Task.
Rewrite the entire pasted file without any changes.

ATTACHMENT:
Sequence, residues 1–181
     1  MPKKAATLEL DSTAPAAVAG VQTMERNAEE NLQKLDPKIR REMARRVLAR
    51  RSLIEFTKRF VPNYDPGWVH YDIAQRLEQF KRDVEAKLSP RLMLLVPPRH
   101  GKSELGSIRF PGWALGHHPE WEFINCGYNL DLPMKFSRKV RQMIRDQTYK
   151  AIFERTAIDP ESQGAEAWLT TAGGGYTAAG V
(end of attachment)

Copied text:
Sequence, residues 1–181
     1  MPKKAATLEL DSTAPAAVAG VQTMERNAEE NLQKLDPKIR REMARRVLAR
    51  RSLIEFTKRF VPNYDPGWVH YDIAQRLEQF KRDVEAKLSP RLMLLVPPRH
   101  GKSELGSIRF PGWALGHHPE WEFINCGYNL DLPMKFSRKV RQMIRDQTYK
   151  AIFERTAIDP ESQGAEAWLT TAGGGYTAAG V